The three words every parent dreads to hear.

“We’ve found something.” With those words, diagnosing 2-year old Ian’s inoperable brain tumor on November 1, 2005, the near-perfect life of Phil & Cheryl Yagoda ended and the couple began an odyssey they never expected to make. In search for a cure for Ian, the couple consulted countless doctors, research centers and hospitals around the country and learned more than they had ever wanted to know about pediatric brain cancer. And what they experienced led them to start a foundation to change the odds for a disease that afflicts 40,000 children in the U.S.– and to bring something positive out of the agony of having their son diagnosed.

Phil & Cheryl Yagoda with Arly & Sophie & Ian.

Ian’s Friends Foundation (IFF) is focused on making people aware of the shocking incidence of pediatric brain tumors, and raising money to fund groundbreaking research, new therapies and diagnostics, and find new answers — quickly. The good news is that Ian has defied the odds and is now a spunky, adorable six-year old; the not-so-good news is that he still has a brain tumor and as children reach puberty, hormones often cause tumors to grow very aggressively. For Ian and thousands of other children, it’s a race against time.

Ian Yagoda.

Every day, nine children in the U.S. are diagnosed with brain tumors.(In fact, I found out last week that the 13-year old grandson of a close friend of ours has Stage 4 inoperable brain cancer.) Pediatric brain tumors kill more children than any other cancer and are the second leading cause of childhood death, behind accidents. The cure rate for most brain tumors is significantly lower than for many other types of cancer – perhaps because brain tumor research is under funded and the public remains unaware of the magnitude of this disease.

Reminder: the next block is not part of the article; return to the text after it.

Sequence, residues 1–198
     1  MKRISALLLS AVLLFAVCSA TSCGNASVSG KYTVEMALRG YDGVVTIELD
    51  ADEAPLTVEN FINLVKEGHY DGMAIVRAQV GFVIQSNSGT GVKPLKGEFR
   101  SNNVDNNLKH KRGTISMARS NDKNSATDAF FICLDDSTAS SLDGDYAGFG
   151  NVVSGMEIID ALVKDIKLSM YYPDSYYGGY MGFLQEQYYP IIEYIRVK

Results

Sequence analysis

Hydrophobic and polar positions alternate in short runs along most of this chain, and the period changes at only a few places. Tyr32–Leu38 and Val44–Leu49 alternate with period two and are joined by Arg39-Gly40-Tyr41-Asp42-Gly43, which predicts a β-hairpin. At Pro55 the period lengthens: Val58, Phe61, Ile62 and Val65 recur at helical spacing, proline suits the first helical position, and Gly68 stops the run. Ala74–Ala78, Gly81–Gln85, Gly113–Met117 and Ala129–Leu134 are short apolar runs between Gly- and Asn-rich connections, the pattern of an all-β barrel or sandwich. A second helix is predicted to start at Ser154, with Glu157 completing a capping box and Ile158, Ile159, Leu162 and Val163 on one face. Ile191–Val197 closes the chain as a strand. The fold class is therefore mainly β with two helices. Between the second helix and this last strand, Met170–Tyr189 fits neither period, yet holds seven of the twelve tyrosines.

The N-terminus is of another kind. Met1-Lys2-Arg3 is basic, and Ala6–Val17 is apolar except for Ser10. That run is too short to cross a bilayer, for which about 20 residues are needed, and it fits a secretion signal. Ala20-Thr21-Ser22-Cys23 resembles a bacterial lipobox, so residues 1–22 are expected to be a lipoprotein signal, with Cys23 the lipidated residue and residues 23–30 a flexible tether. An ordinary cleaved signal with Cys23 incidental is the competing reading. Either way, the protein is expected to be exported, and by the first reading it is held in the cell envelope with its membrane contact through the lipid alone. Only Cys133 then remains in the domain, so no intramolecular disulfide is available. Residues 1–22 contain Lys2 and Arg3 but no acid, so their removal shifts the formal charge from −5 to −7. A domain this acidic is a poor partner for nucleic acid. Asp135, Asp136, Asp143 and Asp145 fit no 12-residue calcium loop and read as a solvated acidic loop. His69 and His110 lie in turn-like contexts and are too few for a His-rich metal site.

Arly, Sophie & Ian

These are the statistics the Yagodas are trying desperately to change –pouring all the helplessness they feel against this vicious disease into positive, loving action. With the help of generous supporters, IFF funds four labs doing promising work on a multitude of fronts. Every dollar that is donated to IFF goes 100% to research, not to indirect costs. And the Yagodas are using every one of their considerable connections to raise awareness and money to uncover a cure.

All for one & one for all

On September 11 in Atlanta, Ian’s Friends Foundation is hosting a dazzling Evening of Inspiration Gala that promises to be a night to remember – with signature cocktails, outstanding food and wine, and truly incredible auction items like a walk-on to “Entourage” (that’s mine!), a tennis lesson with Chris Evert, a 7-day adventure in India, and a week in Salvatore Ferragamo’s luxury villa in Tuscany. Tickets are $250 and if I weren’t going to be at a wedding in NYC, I would totally be there, outbidding you!

For everything the Yagodas are courageously doing to save their own son, and to offer comfort, solace and solutions to the parents of the 40,000 other children who had to hear those dreaded three words, I’m donating $100 today. To join me, click here. To buy ticket to the Gala, click here.


What Gives News Flash!

Shawn Baker of Helen Keller International (see my post on 8/31)  appeared on Nicholas Kristof’s blog in the New York Times on September 3, writing on the famine crisis in Niger. To read it, click here!

One thought on “The three words every parent dreads to hear.

  1. A very touching story. Thank you for honoring Ian’s Friends. As a parent, those statistics are scary. Thanks for all you do, Betty. Keep up the extraordinary work and thanks for introducing your blog readers to so many people and causes. We learn something new every day, thanks to you.

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